After Attending the SOA Watch by Carol Wright
by Mark Chmiel
A year ago, many of us were in a course called Writing as a Spiritual Practice. Carol was part of that gang, and she just sent me the following reflection, which I offer for your consideration.
Even if the book were written by the ghosts of the Salvadoran family massacred in 1978, their story would be the same as the man left for dead after a beating in Nicaragua or the kidnapped sister of a Colombian paramilitary – even if the book were written by former prisoners of conscience – even if the book were written by an idiot in an Alabama jail – the conclusions, upon reading, would be the same. The soldiers, trained in the US, committed these crimes against humanity.
Even if the book were written on Monday, published on Tuesday, distributed on Wednesday, sold on Thursday, read on Friday and passed along over the weekend, the conclusions, upon reading, would be the same.
Even if the book were written in Russian, Croatian, Greek or French, translated into Latin and then given an English spin, the conclusions, after translation, would be the same.
Even if the book were illustrated by kindergartner finger painters, crayon wielding seven year olds, painterly high school art students, or adults with elaborate printing machines – prints signed and numbered, the conclusions would be the same (particularly after viewing the preponderance of the color red.)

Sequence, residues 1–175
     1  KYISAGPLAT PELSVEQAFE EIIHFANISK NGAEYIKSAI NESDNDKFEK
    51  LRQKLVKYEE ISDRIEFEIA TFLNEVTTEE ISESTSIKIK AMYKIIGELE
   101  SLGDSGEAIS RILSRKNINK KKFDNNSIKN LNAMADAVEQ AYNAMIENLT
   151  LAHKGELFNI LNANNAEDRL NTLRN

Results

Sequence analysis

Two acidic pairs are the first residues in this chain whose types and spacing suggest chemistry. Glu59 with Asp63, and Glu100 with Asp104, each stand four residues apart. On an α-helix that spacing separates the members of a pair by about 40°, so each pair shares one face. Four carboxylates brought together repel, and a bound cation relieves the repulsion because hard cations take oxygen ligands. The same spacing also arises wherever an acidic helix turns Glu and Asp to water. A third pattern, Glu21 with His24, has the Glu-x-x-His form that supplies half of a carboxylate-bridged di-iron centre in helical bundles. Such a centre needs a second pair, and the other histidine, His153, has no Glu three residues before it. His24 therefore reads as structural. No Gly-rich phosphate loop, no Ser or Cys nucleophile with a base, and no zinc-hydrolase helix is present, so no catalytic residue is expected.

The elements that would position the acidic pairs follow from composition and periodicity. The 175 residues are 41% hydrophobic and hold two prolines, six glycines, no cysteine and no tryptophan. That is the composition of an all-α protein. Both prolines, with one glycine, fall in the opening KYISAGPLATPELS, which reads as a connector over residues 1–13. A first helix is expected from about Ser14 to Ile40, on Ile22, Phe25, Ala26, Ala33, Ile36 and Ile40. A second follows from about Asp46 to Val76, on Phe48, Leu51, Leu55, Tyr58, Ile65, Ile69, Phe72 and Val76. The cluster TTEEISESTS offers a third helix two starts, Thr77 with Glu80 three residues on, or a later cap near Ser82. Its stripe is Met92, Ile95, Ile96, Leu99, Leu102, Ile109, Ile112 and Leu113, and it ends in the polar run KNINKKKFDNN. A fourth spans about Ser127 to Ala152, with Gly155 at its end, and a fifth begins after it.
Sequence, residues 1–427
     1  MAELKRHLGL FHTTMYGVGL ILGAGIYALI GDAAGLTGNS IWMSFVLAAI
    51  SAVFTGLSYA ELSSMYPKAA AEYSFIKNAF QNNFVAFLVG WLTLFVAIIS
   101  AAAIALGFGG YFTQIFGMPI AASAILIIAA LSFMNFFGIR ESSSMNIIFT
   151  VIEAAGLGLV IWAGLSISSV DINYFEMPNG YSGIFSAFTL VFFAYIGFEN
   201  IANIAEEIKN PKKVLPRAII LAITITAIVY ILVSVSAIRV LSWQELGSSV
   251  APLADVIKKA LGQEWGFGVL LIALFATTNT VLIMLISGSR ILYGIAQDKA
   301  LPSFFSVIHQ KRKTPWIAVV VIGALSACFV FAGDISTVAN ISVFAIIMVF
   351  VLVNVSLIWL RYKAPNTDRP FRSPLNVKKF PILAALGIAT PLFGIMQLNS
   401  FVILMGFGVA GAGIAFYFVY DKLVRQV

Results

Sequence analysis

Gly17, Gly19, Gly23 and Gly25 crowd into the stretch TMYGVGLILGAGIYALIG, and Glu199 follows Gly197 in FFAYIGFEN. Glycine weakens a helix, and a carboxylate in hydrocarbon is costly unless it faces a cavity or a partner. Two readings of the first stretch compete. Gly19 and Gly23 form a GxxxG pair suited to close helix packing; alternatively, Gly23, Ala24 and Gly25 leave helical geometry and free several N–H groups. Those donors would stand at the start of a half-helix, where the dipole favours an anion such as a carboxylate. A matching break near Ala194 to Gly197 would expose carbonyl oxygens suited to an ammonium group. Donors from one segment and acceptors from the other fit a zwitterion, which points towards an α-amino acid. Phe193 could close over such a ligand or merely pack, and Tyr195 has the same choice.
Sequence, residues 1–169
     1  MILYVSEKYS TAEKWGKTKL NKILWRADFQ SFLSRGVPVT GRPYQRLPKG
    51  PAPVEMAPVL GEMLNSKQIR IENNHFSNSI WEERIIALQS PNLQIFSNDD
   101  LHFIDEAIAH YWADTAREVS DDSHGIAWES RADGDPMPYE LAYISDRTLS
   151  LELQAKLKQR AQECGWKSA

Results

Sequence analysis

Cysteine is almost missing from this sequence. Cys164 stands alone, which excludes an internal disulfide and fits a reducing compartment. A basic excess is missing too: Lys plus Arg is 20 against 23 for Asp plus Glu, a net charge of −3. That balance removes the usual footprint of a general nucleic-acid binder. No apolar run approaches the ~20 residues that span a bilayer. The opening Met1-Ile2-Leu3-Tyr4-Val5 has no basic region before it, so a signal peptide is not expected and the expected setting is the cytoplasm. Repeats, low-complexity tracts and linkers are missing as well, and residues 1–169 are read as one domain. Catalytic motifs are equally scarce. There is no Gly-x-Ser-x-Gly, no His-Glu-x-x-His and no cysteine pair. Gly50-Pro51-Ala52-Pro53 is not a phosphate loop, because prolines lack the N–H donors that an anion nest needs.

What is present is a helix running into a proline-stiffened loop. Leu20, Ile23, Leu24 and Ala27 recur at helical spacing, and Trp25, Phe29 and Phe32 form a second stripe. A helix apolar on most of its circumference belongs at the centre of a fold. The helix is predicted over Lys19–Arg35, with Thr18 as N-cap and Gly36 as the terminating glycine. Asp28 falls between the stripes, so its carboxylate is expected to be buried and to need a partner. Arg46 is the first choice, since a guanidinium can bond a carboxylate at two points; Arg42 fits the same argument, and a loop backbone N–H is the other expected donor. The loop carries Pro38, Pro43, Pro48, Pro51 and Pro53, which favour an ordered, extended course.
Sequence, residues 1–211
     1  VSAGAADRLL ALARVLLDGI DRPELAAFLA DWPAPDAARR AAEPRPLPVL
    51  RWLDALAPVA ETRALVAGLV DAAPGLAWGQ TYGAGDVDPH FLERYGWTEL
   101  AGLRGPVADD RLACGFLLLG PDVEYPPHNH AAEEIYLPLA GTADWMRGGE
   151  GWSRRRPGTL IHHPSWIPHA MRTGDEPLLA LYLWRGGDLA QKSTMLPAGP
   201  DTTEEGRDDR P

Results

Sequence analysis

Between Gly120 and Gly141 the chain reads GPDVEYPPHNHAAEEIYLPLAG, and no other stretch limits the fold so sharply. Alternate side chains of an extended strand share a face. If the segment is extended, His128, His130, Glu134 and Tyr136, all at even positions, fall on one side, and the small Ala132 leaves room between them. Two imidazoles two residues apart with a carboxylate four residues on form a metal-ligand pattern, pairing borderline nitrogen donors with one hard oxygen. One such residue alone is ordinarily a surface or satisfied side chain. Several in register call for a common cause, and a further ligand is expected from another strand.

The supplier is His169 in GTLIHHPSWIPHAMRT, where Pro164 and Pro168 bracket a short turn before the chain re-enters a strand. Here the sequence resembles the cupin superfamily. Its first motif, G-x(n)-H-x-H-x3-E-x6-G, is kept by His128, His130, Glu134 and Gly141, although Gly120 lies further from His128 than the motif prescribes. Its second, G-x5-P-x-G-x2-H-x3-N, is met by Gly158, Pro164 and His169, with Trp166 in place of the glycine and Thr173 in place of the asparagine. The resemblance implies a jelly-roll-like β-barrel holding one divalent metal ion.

Even if the book were bound – paper, leather or cardboard (corrugated for added texture, a feel for the roughness of the contents) the writing would remain raw and uncovered and any conclusions upon reading would be the same.
Even if we hold our ears, cover our eyes, plug our noses to escape the stench, glove our hands in order not to feel, wash the lingering taste from our guilty mouths with a good Scotch on the rocks; if we bury ourselves in fantasies, deny reality, conjure up protective, invincible mantras, our conscience is unable to escape and any conclusions upon reading would be the same.
“Enough” by Mark Vallen; 1988